INDIANAPOLIS – “We kept our focus on kids,” said Jennifer McCormick, the State Superintendent of Public Instruction, “That’s why we are here and that’s what we will continue to do.”
McCormick and the Indiana Department of Education hosted a media briefing to update how the pandemic has changed education in Indiana. She addressed everything from contact tracing, social distancing, and screen time. Schools still face many challenges and could be for quite some time.
“As COVID is fluid, so is that guidance,” McCormick added.
At the beginning of figuring out how the fall semester would look for Indiana school, only 17 school districts told the Indiana Department of Education they would be 100 percent virtual this fall – now we’re up 31.
Superintendent McCormick stressed that educators are not medical professionals, but they are trying to their best to get back on track.
Educators have told McCormick it’s taking a lot to enforce masks in classrooms. Many students are having to be reminded on how to wear one, properly.
Schools are following guidance from the CDC and multiple medical professionals to keep kids socially distant when back inside school facilities.
“Schools let me tell you are trying their hardest to get as much distance as possible, so the three-feet is the minimum but I have visited schools prior to them starting to see the set-ups, I have talked to many of them on the phone – they are trying their hardest to get at least a minimum of three-feet if not more,” explained McCormick, “It is difficult when you are dealing with a 5-year-old, it is difficult when you’re dealing with a 15-year-old.”
There have already been multiple COVID-19 cases reported in students and staff and with each case officials have tried to contact trace. However, McCormick explains there have been challenges.
“Contact tracing is getting a lot of noise in our department,” she said, “If we have one positive, I’ve heard schools call and say you know, with that one positive we’ve had 48 kids to track down. That’s a lot. On top of the testing, on top of the contact tracing, those pieces that are tricky really at no fault of really anyone, it’s just the nature of it. So, when people think it’s easy, it’s not.”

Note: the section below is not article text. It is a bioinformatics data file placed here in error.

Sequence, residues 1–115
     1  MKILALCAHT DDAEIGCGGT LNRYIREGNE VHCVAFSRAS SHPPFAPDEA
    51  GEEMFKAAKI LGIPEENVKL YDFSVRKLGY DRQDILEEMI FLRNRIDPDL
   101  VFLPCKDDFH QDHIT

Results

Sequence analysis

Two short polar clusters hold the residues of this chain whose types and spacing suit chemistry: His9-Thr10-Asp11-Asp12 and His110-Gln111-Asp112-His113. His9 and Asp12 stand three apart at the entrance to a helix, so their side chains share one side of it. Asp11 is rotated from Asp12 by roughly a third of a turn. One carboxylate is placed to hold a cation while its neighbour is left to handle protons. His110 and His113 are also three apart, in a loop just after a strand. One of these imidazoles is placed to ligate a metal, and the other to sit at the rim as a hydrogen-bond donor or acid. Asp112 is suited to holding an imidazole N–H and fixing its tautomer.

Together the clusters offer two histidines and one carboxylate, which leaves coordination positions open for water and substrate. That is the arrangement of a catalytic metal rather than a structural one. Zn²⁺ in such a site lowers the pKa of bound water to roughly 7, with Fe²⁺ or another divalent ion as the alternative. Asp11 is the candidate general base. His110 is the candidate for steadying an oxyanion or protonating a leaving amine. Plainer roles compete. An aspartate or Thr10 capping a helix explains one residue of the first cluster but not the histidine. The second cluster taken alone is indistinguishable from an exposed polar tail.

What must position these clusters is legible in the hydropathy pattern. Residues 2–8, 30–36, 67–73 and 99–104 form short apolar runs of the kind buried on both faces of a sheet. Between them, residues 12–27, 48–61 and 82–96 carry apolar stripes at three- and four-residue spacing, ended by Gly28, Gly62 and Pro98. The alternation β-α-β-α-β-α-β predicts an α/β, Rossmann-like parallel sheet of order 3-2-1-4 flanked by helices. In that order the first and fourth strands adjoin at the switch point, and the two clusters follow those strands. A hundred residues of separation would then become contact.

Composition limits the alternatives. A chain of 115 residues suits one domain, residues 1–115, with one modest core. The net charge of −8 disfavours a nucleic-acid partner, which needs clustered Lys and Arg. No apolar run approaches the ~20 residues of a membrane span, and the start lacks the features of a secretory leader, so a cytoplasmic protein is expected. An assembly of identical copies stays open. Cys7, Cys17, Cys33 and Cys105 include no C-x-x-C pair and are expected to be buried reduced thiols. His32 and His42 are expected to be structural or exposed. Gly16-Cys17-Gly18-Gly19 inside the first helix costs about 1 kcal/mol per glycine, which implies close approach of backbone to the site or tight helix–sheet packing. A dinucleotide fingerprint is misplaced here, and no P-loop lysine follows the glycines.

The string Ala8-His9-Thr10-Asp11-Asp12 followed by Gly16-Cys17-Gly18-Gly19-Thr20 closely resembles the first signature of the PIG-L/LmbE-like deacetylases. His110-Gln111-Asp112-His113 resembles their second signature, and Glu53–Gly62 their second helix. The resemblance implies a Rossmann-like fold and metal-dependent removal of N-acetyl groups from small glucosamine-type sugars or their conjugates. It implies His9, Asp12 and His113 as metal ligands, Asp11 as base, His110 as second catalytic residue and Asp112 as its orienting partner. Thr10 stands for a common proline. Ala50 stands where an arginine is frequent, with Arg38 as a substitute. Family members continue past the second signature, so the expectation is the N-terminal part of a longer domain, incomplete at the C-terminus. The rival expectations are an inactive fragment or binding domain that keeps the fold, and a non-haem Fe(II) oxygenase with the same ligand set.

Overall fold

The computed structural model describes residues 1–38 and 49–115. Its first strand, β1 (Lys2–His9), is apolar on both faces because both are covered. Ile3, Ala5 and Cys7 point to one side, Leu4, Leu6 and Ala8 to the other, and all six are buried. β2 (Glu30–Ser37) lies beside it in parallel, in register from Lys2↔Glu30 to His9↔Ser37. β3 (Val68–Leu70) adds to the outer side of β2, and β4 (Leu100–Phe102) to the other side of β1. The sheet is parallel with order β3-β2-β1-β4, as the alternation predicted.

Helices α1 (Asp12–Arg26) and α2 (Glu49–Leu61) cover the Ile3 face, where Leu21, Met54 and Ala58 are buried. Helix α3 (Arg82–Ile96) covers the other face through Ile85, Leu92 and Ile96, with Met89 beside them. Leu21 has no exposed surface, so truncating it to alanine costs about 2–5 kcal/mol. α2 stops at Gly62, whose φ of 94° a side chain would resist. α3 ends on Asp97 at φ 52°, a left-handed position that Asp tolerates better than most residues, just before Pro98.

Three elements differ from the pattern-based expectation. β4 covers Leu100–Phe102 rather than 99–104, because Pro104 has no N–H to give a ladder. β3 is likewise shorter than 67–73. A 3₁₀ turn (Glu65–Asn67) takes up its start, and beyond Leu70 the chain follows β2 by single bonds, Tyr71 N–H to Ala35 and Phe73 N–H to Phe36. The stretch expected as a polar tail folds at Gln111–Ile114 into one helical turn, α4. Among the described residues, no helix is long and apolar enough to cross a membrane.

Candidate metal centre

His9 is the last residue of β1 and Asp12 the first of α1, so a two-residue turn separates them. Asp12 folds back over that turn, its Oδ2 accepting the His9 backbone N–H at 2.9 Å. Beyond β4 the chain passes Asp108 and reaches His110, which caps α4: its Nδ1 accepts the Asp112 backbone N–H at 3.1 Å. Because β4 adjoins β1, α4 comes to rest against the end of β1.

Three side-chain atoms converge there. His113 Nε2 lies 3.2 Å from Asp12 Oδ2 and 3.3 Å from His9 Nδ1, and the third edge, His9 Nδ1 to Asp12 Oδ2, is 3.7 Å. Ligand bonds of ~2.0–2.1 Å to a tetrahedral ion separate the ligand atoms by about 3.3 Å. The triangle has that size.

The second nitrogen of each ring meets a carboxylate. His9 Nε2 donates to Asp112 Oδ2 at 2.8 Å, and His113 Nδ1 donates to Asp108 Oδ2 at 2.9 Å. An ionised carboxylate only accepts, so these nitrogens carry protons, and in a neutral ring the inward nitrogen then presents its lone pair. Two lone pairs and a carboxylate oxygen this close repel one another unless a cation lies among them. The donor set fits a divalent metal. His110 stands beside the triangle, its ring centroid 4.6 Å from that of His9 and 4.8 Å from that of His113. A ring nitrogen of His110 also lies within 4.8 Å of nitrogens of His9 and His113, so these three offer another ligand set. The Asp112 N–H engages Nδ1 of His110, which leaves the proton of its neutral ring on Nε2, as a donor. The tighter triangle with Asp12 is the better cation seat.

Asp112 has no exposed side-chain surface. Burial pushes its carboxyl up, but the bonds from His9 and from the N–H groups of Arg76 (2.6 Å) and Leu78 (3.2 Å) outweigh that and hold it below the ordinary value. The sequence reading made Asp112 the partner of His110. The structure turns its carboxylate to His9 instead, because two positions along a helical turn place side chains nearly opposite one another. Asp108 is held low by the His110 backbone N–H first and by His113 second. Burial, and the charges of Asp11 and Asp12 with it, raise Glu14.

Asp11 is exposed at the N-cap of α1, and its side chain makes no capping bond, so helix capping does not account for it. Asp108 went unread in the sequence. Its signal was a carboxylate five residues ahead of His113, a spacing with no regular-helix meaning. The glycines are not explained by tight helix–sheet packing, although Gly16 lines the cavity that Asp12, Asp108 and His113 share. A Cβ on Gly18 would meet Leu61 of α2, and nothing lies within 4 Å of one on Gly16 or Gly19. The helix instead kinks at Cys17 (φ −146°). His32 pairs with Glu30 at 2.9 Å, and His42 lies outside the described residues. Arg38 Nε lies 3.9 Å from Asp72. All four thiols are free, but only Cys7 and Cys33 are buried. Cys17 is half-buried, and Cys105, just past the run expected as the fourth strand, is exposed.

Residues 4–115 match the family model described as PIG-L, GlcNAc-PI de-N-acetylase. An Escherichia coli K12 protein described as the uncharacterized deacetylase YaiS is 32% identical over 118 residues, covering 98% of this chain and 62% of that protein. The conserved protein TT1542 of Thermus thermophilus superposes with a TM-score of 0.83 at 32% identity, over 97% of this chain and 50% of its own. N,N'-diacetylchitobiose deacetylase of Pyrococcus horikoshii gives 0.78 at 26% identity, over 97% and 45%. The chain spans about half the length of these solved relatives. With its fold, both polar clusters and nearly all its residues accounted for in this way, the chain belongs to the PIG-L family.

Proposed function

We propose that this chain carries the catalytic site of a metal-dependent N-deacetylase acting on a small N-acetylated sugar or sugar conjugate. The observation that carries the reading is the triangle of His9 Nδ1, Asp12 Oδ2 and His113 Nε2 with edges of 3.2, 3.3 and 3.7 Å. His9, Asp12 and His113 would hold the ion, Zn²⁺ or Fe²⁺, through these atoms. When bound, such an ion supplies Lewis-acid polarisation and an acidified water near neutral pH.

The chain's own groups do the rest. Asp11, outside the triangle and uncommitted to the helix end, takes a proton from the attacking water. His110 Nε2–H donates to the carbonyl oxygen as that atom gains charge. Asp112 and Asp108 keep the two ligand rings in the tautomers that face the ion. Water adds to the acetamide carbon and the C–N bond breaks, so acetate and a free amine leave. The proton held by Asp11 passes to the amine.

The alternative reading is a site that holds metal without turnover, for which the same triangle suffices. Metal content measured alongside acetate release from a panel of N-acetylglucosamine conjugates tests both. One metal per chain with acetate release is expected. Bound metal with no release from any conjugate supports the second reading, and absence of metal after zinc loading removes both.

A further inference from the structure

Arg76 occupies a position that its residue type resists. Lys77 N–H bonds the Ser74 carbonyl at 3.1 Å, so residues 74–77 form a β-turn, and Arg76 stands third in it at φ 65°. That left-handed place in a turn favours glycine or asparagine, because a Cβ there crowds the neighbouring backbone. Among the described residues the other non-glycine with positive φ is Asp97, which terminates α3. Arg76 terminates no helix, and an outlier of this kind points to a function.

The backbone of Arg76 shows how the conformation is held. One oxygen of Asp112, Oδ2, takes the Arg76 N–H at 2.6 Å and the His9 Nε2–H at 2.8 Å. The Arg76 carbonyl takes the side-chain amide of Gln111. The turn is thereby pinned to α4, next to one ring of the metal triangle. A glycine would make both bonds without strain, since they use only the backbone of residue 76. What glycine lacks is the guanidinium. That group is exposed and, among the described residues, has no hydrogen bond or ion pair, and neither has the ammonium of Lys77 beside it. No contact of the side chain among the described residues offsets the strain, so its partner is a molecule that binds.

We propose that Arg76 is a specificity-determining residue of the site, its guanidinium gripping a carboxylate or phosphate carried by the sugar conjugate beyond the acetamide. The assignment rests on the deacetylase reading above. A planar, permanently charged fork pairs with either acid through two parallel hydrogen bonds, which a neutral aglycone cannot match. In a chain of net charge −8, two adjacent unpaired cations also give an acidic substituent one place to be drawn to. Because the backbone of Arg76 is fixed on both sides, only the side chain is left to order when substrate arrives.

McCormick’s heard that parents are worried about giving out too much information to a contact tracer.
She says schools need to work closely with the health department to figure out a solution for this.
As for state testing and assessments, that highlights another challenge that the Indiana Department of Education is working through. She said it’s very expensive to have one-on-one test proctor. Virtual schools in Indiana in the past have had to find a site for students to take their test, but that could be difficult during the pandemic.
“One, sometimes it’s not allowed, but two – how does that look to try to get those kids on site?” questioned McCormick, “We know and schools know we don’t have a lot of wait time here for fall, because if I’m giving ISTEP 10, which is a graduation requirement in the fall and that’s when my students are going to take it because I’m going to have a lot of early grads this year, because we’re hearing that as well, December grads. What happens with that?”
McCormick says, anything they can get waived this year will be extremely important. Her team is working to figure out what this will look like and if these assessments will impact kids moving forward.
Due to the pandemic, McCormick and her team have heard from teacher who are anxious about reopening, but others are excited to get back in the classroom. She said, unfortunately, the hesitation of educators has led to an uptick in teachers retiring this year.
As some students continue with e-learning as we head into the Fall semester, McCormick did make this clear, “We have made it clear that setting a kid in front of a computer for six hours continually is not a good idea.”
McCormick also brought up in-person voting concerns and having polling locations at schools. McCormick says the IDOE supports absentee voting as schools already have enough to worry about rather than being the site for more than 300 voting locations. She said there would have to be strict monitoring of people coming in and out of the facilities, along with detailed cleaning. She’s asking officials to please consider finding another option.
The Indiana State Teachers Association is calling on the state government to do more to keep educators and students safe as Indiana continues to deal with the coronavirus pandemic.